For Humanity’s Sake

denise-darvall
Denise Darvall, the first heart donor.

It is noticeable that, while most people can recite the names of surgical pioneers like Chris Barnard and transplant recipients like Louis Washkansky and Dorothy Fisher, few of us know the donors who have either voluntarily sacrificed much or whose relatives have made heart-breaking decisions to make their organs available for transplantation.

Of all the human beings whose stories I have encountered on my journey through heart failure and transplant therapy, there is one whose story stands out – Edward Darvall and, by association, his daughter, Denise, whose heart was used in the first human transplant performed in 1967.

mr-mrs-darvall
Myrtle Darvall died instantly in the accident that left Denise in a critical state. Edward Darvall had to make the decision to offer his daughter’s organs for transplantation.

Today, the lack of knowledge of donors is regulated by the necessary protocols to manage privacy.

At the time, Denise Darvall, quite literally, “gave her heart for humanity”. That was the headline used in newspapers when the story of the heart transplant broke on December 4, 1967.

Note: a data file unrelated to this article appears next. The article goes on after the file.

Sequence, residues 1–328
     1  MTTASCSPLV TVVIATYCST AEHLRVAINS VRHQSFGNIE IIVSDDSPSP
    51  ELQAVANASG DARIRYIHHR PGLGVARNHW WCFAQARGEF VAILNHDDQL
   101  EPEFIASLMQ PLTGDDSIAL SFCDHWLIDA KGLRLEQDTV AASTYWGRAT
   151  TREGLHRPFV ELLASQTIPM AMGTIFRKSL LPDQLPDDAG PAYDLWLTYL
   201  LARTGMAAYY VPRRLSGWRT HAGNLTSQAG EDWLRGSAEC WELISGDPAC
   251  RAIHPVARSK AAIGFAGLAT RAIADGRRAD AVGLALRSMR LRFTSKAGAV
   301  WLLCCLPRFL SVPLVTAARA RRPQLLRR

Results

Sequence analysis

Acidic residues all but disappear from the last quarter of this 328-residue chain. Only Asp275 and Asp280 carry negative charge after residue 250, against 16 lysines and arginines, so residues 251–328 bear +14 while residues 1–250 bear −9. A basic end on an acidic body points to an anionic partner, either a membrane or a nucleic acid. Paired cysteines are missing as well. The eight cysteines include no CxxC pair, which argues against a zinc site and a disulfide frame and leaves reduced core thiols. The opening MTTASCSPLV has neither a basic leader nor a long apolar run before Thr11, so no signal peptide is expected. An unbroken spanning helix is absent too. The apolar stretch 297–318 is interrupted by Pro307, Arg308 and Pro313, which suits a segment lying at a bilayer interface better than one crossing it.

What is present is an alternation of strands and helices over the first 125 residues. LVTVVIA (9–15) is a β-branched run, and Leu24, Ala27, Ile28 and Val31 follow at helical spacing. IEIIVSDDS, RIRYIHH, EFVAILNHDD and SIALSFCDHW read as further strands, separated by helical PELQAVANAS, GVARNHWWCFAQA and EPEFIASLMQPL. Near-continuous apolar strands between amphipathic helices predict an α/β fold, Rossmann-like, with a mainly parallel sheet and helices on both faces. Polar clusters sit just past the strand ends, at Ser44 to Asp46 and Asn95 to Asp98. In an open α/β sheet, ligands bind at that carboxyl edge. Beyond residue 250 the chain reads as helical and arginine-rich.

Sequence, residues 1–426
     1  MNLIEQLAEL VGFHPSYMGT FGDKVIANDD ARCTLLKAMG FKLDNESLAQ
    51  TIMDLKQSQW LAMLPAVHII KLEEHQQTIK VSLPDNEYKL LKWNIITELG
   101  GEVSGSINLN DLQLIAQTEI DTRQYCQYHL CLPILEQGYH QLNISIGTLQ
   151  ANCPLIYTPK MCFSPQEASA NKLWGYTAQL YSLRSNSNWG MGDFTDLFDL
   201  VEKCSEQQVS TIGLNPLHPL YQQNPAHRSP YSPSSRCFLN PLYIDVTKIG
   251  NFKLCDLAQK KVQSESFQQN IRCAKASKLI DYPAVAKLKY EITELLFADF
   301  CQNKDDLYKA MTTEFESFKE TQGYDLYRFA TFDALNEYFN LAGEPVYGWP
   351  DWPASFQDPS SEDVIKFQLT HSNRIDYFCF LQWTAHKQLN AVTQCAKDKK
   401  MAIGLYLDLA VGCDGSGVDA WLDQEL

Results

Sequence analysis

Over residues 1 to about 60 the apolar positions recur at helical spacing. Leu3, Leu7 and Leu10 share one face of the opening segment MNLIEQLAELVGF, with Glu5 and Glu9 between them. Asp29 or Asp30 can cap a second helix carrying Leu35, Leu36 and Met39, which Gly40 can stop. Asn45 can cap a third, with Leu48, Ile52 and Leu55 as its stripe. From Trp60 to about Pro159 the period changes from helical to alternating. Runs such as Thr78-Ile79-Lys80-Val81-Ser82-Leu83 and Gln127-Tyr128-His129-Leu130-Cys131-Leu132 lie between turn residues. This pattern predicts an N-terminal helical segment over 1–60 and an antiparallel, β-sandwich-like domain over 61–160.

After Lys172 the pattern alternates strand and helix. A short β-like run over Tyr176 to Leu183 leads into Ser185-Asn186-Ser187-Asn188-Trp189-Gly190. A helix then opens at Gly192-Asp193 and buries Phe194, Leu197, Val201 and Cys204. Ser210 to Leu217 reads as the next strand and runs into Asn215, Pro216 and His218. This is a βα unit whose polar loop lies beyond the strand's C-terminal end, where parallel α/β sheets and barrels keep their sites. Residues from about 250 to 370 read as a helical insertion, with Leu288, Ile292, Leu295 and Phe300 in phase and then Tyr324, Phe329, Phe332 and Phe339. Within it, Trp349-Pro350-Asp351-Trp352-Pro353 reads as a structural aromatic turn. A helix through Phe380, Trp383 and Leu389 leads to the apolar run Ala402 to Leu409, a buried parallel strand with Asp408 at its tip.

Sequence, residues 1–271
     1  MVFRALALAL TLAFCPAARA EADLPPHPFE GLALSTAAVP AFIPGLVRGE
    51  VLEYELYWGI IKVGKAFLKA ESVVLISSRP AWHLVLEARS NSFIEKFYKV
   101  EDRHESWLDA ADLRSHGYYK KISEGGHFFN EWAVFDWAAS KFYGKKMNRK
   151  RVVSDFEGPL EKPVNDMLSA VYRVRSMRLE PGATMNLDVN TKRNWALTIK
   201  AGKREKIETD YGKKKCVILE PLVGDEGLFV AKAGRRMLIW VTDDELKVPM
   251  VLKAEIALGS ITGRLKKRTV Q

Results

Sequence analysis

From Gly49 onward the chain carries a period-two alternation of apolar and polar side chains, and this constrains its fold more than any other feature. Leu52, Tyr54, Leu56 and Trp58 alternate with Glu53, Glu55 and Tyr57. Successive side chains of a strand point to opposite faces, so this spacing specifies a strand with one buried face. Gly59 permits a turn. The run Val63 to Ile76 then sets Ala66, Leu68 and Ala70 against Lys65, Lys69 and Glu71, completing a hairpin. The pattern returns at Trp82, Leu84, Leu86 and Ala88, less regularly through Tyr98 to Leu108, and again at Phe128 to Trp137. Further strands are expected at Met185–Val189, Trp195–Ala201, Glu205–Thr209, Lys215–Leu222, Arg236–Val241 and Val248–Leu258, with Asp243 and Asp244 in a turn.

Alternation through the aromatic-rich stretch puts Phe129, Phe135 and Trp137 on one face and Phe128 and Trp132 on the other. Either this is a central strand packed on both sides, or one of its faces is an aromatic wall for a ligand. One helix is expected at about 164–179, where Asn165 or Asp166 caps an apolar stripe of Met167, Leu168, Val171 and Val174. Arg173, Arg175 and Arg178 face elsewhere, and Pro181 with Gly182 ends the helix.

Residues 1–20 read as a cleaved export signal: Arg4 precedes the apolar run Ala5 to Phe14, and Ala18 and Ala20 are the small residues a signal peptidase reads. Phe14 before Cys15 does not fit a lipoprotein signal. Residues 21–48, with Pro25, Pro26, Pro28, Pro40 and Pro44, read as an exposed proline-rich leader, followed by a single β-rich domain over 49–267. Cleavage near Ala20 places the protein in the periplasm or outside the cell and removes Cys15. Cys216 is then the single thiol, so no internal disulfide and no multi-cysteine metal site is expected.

Bank clerk Denise, 25, was out with her family on a summery Saturday afternoon buying a cake to take to tea with friends. She and her mother Myrtle were walking along Main Road, Observatory to the car which Denise had recently bought and where her father and brother were waiting, when they were run over by a drunk driver, policeman Friedrich Prins.

Denise’s mother was killed instantly. Denise suffered severe injuries including skull fractures and head injuries. She was declared brain dead at 9pm that night.

When approached by doctors at Groote Schuur about the possibility of donating Denise’s heart for transplantation into Washkansky, Edward Darvall is recorded as saying that it took him four minutes to make up his mind to agree to the transplant. Denise “was always giving things to people” and her father decided that if she had been able to answer the question herself, she would have said yes.

“So I said to him, well doctor, if you can’t save my daughter, try and save this man.”

Denise’s heart went to Washkansky and her kidneys to Jonathan van Wyk, 10. (In the context of the apartheid era, it is worth recording that Denise was white and Jonathan coloured.)

The public record shows that Edward Darvall mostly shunned publicity. He had undergone major stomach surgery, but his strength of character and dignity earned him many admirers. Before the joint funeral of his wife and daughter, he asked for donations to be sent to the Groote Schuur cardiac unit.

Darvall attended the court hearing of policeman Prins and when the drunk driver was convicted of culpable homicide, the heartbroken spouse and father made a statement through an attorney, asking the magistrate to show “the greatest possible clemency” to Prins. Tragic as his daughter’s death was, it had not been pointless but had benefited humanity, he said.

Prins was sentenced to two years in jail, with one year suspended for three years.

Edward Darvall died in 1970 and never regretted the decision he had taken for Denise’s organs to be donated.

For Humanity’s Sake

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